Browse Publications Technical Papers 1999-01-0500
1999-03-01

Modeling of Pressure-Swirl Atomizers for GDI Engines 1999-01-0500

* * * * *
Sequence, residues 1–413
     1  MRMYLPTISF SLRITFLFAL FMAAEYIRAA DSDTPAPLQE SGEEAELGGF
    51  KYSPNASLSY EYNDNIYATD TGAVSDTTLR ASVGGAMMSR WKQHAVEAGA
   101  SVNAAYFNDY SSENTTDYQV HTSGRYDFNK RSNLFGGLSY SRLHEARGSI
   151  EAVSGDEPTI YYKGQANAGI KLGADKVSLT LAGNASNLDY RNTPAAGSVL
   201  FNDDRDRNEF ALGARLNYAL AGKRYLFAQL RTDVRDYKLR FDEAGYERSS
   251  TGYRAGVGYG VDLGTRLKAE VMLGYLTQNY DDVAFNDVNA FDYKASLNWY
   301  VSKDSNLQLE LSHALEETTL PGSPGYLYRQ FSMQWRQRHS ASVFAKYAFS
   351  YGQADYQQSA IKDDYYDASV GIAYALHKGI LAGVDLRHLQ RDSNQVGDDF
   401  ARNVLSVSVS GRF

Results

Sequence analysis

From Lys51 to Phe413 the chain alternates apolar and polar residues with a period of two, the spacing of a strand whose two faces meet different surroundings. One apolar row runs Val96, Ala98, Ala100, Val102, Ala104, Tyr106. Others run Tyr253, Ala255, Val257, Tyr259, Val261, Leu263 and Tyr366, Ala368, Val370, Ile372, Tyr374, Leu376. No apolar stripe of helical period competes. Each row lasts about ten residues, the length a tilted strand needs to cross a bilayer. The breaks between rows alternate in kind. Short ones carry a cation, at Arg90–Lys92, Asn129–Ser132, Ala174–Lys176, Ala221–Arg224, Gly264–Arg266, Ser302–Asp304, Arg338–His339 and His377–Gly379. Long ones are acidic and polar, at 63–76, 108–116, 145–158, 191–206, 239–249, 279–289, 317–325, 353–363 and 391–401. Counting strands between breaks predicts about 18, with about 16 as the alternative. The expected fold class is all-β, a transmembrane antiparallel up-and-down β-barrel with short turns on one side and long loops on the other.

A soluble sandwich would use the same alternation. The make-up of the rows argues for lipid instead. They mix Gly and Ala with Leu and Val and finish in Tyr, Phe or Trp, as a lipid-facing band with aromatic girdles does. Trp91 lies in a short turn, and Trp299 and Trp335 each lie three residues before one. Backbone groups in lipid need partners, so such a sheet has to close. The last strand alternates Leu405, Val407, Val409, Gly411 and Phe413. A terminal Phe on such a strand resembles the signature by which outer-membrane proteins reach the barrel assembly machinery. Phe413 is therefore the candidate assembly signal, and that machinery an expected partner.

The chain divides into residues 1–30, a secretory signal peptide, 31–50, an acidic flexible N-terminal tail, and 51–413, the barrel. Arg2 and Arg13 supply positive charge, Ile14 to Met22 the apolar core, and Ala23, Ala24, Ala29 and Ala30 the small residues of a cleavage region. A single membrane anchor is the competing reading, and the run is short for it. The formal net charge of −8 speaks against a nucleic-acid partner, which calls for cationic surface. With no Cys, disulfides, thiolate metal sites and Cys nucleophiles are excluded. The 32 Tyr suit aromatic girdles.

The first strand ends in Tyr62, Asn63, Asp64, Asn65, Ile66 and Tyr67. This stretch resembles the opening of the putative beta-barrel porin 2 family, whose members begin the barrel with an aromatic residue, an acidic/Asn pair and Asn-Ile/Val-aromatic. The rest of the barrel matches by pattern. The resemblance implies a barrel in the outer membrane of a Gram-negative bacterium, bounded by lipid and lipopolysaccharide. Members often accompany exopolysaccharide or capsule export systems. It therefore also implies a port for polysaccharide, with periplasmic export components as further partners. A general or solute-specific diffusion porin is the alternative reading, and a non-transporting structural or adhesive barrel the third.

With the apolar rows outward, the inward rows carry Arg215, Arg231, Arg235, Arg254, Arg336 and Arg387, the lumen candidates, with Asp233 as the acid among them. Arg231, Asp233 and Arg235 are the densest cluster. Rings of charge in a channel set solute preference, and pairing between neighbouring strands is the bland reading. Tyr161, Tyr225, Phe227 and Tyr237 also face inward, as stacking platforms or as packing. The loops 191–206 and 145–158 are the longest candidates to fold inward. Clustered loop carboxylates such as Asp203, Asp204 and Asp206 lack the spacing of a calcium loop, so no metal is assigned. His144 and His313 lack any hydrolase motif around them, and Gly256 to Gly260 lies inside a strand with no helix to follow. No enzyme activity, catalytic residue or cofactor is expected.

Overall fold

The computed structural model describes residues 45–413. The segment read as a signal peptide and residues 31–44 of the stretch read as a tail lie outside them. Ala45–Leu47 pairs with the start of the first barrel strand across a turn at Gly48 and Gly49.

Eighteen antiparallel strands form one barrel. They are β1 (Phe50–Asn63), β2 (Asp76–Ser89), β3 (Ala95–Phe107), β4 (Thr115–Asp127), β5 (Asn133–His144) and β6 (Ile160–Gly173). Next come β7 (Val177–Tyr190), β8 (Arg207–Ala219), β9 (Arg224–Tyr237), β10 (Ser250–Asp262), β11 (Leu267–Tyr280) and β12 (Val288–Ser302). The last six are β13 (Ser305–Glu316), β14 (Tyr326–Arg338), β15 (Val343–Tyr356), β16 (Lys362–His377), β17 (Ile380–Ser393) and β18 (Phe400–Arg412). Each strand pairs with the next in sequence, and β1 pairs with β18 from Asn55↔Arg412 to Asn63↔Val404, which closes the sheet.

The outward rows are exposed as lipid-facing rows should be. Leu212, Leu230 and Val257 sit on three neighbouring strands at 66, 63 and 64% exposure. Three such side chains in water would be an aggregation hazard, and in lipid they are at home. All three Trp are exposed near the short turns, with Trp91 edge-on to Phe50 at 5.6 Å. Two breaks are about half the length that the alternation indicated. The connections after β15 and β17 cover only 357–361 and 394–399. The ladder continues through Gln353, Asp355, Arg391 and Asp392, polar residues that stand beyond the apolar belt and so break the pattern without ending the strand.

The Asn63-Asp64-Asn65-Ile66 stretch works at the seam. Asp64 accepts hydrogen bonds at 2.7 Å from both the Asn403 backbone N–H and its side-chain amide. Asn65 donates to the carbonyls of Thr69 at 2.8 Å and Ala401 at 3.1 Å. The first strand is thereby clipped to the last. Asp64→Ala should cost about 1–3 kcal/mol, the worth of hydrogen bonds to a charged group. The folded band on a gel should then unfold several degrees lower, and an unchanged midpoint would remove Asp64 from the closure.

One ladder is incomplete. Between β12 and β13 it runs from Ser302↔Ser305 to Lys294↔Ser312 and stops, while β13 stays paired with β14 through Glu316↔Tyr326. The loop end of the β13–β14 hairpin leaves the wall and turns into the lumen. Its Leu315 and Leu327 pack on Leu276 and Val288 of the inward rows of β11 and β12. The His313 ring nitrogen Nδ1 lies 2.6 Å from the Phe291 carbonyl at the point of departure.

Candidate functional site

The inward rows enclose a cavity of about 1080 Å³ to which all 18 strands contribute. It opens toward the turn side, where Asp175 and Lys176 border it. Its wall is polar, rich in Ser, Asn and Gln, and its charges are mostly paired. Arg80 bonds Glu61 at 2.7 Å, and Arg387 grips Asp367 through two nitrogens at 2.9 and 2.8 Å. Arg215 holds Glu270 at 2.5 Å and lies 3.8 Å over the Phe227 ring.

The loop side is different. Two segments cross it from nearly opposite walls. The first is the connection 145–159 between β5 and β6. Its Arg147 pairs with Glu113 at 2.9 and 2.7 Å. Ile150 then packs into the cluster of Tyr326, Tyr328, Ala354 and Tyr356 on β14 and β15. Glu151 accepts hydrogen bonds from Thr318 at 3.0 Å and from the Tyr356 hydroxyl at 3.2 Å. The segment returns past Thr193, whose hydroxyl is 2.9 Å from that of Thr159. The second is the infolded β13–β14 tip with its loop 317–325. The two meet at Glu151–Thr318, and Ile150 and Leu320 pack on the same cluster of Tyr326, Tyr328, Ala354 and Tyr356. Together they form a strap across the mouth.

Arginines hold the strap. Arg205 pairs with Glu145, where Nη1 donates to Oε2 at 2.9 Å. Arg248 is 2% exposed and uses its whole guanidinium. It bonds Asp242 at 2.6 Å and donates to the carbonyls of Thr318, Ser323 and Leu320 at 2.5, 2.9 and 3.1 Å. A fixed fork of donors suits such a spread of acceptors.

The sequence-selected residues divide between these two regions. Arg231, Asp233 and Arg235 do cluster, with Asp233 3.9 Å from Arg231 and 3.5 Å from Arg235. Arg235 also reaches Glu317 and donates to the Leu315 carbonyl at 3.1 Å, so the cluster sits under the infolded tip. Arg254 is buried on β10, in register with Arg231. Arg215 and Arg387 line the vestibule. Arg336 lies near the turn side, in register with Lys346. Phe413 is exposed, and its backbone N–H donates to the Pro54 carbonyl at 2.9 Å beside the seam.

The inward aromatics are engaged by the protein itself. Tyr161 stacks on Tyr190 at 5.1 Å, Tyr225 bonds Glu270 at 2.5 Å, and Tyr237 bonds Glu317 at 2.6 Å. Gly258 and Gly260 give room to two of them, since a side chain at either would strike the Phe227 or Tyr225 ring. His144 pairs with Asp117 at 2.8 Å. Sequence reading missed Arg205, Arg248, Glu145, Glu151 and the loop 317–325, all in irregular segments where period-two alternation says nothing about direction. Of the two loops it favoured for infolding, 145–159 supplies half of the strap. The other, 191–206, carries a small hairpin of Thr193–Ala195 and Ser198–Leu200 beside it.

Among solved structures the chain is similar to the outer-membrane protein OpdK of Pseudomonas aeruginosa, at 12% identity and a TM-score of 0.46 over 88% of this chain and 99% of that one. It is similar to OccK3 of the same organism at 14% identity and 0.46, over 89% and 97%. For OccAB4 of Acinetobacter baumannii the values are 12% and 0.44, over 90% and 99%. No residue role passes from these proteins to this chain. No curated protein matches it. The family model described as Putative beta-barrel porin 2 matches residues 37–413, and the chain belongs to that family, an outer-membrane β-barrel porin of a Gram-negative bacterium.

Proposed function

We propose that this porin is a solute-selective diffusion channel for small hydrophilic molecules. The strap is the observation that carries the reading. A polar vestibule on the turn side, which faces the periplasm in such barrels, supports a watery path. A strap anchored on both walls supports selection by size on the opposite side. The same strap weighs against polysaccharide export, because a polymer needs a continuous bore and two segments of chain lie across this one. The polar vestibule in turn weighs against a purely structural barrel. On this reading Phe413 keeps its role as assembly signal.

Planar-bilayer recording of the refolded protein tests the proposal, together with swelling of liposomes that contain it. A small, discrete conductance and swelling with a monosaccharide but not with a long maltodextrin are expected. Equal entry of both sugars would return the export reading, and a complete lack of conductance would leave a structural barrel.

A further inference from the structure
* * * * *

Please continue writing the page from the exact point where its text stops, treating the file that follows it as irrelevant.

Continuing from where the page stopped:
A new simulation approach to the modeling of the whole fuel injection process within a common-rail fuel injection system for direct-injection gasoline engines, including the pressure-swirl atomizer and the conical hollow-cone spray formed at the nozzle exit, is presented.The flow development in the common-rail fuel injection system is simulated using an 1-D model which accounts for the wave dynamics within the system and predicts the actual injection pressure and injection rate throughout the nozzle. The details of the flow inside its various flow passages and the discharge hole of the pressure-swirl atomizer are investigated using a two-phase CFD model which calculates the location of the liquid-gas interface using the VOF method and estimates the transient formation of the liquid film developing on the walls of the discharge hole due to the centrifugal forces acting on the swirling fluid. Parametric studies reveal the effect of various nozzle operating and design parameters, such as the injection and back pressure, the needle lift and the radius of curvature of the discharge hole both at its inlet and exit, on the development of the liquid film. The nozzle CFD calculations are extended outside the injection hole in order to predict the initial development of the cone angle of the hollow-cone spray formed by the pressure-swirl atomizer. The nozzle flow exit characteristics are then used as inputs to a liquid sheet atomization model which estimates the size of the droplets formed after the disintegration of the injected liquid. Images obtained with a CCD camera of the spray structure, as a function of the injection pressure, close to the injection hole confirm that the proposed computational approach can simulate the near-nozzle spray development as a function of the geometric and operating characteristics of the fuel injection system and the pressure-swirl atomizer itself, thus providing the necessary initial conditions for spray predictions in the engine cylinder.

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